Hyderabad, June 21 (IANS) In what could be the light at the end of the proverbial tunnel, a research team from Department of Biochemistry, School of Life Sciences at University of Hyderabad (UoH), has demonstrated that an eye-independent system (extraocular) lining the periphery of the worm's body allows even a headless flatworm to move like an intact worm with incredible coordination.
The discovery of such sensitive natural light sensing proteins has potential applications in equipping visually challenged people with the ability to 'sense' light and to control inner working of cells/tissues with light (optogenetics), according to the authors.
In their studies, the team headed by Dr Akash Gulyani, found that the worm body is dotted with a whole array of very unique light sensing cells that are patterned all over the worm, especially at the periphery of the worm.
Cells within this eye-independent system produced light-sensitive proteins called opsins which help the flatworm to respond to light even in the absence of eyes. However, the eye-independent system only responds to a limited range of ultraviolet light at 365 to 395 nm, whereas the flatworm eyes can detect a broad wavelength of visible light (365 to 625 nm).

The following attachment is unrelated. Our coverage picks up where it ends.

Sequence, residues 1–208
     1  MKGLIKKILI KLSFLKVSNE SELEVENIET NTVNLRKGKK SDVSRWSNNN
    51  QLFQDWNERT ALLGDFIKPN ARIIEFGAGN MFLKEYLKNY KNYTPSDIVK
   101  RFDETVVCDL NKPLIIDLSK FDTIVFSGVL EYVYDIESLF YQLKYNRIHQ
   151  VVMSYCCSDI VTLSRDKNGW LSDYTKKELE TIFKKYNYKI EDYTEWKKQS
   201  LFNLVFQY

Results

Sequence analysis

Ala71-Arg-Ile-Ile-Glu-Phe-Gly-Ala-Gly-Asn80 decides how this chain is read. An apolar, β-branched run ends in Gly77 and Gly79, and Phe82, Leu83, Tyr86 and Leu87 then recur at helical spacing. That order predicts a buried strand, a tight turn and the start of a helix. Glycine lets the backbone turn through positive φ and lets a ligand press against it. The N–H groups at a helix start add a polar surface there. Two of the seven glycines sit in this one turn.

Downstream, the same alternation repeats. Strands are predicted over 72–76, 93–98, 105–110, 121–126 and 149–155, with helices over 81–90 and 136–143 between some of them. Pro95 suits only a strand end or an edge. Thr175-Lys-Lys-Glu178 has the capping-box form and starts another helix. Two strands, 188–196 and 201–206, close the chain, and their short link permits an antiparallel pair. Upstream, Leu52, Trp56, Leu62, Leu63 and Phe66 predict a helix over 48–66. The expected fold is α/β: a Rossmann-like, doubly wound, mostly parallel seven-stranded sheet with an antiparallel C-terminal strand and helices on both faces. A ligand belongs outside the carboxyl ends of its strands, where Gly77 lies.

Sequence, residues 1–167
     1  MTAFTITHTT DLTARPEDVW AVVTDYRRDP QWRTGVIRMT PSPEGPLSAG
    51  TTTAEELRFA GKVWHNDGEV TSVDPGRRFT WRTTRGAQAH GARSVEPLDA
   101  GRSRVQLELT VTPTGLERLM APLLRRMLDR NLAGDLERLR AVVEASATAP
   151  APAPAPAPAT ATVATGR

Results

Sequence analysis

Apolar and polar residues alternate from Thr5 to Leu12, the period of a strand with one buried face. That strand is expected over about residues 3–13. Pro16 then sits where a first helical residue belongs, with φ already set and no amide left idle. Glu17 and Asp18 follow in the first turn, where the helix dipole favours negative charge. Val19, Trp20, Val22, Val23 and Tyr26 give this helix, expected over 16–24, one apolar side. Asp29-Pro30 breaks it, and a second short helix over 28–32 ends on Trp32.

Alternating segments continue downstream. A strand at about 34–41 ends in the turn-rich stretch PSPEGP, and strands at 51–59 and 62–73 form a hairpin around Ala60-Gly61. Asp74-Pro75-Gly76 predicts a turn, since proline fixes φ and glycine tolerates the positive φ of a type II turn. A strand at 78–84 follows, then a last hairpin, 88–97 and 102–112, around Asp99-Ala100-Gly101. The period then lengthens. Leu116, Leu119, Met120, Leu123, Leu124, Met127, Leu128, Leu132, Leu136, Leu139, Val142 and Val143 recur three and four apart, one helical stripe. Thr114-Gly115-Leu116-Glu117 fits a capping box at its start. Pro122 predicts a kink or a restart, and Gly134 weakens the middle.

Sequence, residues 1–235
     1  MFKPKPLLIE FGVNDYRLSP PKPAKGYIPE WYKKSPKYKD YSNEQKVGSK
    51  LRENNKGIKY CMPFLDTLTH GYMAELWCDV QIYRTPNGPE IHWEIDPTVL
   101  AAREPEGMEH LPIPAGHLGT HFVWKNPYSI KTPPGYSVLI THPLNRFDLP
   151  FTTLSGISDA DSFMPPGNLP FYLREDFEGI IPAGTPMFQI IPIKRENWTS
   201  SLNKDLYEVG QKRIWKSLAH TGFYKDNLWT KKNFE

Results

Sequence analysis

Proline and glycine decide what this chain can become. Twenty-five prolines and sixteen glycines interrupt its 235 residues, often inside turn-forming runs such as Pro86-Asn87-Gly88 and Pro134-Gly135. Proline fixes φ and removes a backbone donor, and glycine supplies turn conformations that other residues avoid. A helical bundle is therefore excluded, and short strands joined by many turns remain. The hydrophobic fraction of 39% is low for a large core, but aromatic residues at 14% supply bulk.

"Interestingly, the eye-independent system only arises in the adult organisms, unlike the standard set of eyes that develop in the embryo", notes the study published in the Proceedings of the National Academy of Sciences (USA).
This discovery of such an array of body-wide light sensing cells that link to the body-wide nervous system and allow headless worms to move, may constitute the uncovering of a new kind of body-wide organ system for sensing light. This discovery is likely amongst one of the most sensitive eye-independent light sensing systems in nature, a UoH statement read.
Intriguingly, these newly discovered light sensing cells appear unique as they do not resemble any neuron-like cells but are more similar to a distinct cellular class (parenchymal cells) that includes glia-like cells, which are generally thought to have a supporting rather than a sensory role. This seems very distinct from all light sensing systems known so far across the animal kingdom.
Planarian flatworms are light-aversive and are known to rely on two sensitive eyes connected to a simple brain to sense light and play a crucial role in controlling their behavior and movement.
The team comprising Nishan Shettigar, Anirudh Chakravarthy, Suchitta Umashankar, Vairavan Lakshmanan, Dasaradhi Palakodeti, followed up on previous research that shows planarians can survive decapitation (removal of the head) and retain the ability to move away from the light source when exposed to low doses of ultraviolet light.